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17 November – World Student’s Day

It Doesn’t Pay to Go to Some Universities


The widening gulf in the pay and job prospects of students at Britain’s best and worst-performing universities are revealed today in the first league tables to show how graduates fare in the careers market.

The figures published in The Sunday Times University Guide, show that former students of Imperial College London were the best paid six month after they graduated last year, earning an average of &24,247.

This was almost twice the pay level at Aberystwyth, the lowest-ranked institution.

Imperial’s graduates are also among the least likely to be in jobs that they believe could have been done by a non-graduate, with only 11.1% falling into this category. By contrast 53.7% of former students at the University of Wales, Lampeter, believed they were in non-graduate jobs.

Experts say the poor employment performance of some universities casts doubt on the wisdom of Tony Blair’s target that half of British school leavers should go to university.

«If graduates from higher education think they are going to get an interesting job on a good salary that will give them a middle- class career, many of them will be disappointed», said Philip Brown, professor of sociology at Cardiff University and co-author of The Management of Talent, a book published earlier this year that claims the economy is producing too few graduate jobs to absorb all university leavers.

Brown added: «Employers think there is a shortage of real talent so that they pay the really talented a lot of money, but there is a glut of what they see as run-of-the-mill graduates».

Competition is becoming increasingly fierce for graduate jobs, with an average of 40 applicants for each vacancy and growing number of foreign job seekers sending in online applications from Asia and Eastern Europe.

Anthony Hesketh, a management lecturer at Lancaster University and Brown’s co-author, said: «If you have got less than 300 Ucas (Universities and Colleges Admissions service) points (three Bs or equivalent) it might not even be worth going to university if you are dreaming of one of those coveted graduate jobs».

The figures published in the Sunday Times guide have been gathered by the Higher Education Statistics Agency from more than 182,000 students who graduated last summer and were asked about the jobs they held on January 15 this year.

They show that the national average starting salary for graduates is £16,393, while 7,1% are unemployed six months after leaving university.

On average, almost one-third of graduates believe they are in jobs that they could have obtained without going through a three-year degree course and amassing £20,000 debts.

London colleges – including University College, the Sunday Times University of the Year – head the table of graduate earnings, filling the top five places. This can partly be attributed to the higher salaries paid in the capital and also to the presence of big medical schools in four of the top five.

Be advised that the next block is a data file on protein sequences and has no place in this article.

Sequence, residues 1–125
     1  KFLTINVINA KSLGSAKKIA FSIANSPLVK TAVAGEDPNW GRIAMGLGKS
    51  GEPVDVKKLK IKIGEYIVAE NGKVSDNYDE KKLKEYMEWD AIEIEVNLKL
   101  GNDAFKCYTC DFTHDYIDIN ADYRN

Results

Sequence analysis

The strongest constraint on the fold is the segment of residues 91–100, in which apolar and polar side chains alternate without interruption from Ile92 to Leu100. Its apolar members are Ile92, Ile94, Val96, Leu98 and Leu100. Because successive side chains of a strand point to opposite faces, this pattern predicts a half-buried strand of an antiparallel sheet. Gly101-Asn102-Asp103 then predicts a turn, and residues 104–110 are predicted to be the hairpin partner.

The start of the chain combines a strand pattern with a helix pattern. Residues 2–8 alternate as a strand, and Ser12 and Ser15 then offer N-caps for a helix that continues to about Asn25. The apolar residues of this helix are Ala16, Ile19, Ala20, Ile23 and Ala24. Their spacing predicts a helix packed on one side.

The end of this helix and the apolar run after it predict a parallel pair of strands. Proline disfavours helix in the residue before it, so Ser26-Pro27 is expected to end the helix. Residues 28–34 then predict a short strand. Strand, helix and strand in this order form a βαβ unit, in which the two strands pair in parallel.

Several other universities also perform well. Graduates from Dundee, in ninth place, earn an average starting salary of £18,884, with Aberdeen close behind on £18,685.

In terms of both starting salary and standard of job, the traditional elite institutions dominate the league tables. Some new universities, however, are performing well. Many offer targeted courses, often highly regarded for particular professions. They include London South Bank, the only former polytechnic in the top 10 for graduate earnings. It is also in the top 20 for low numbers of students in non-graduate level jobs.

Oxford Brookes, which has a renowned course for potential managers in the hospitality industry, foe example, comes near the top. Only 23.1% of its graduates are in jobs that a non-graduate would have been qualified to do, a better figure than that achieved by neighbouring Oxford University.

Job-hunting is likely to become increasingly difficult for graduates who do not get into top universities or find highly regarded courses at lower-ranked institutions.

Suzie Perry, 23, who graduated last year from the University of the West of England in Bristol with a 2:1 in business studies, has still not managed to find a steady job and is working as a temporary secretary in London. «I must have sent out about 100 CVs,» she said. «Everybody has a degree these days so it counts for less. But there just aren’t enough jobs out there for all the graduates. A lot of my friends are in the same situation.»

Carl Gillear, chief executive of the Association of Graduate Recruiters, said: «The middle-of-the-road institutions are perhaps very traditional in their outlook, with a lot of academics who have not quite come into åhe 21st century and where the students are not performing as well on gradation because they are not switched on.”

Some of the best-performing universities point out, however, that the education they offer is not simply about finding a well-paid job. Gordon Chesterman, director of the careers service at Cambridge, said: «We are not here to prepare students for «oven ready» jobs. We are here to produce scholars. »


Jane Hopkings

/The Sunday Times, ¹ 22, 2005/



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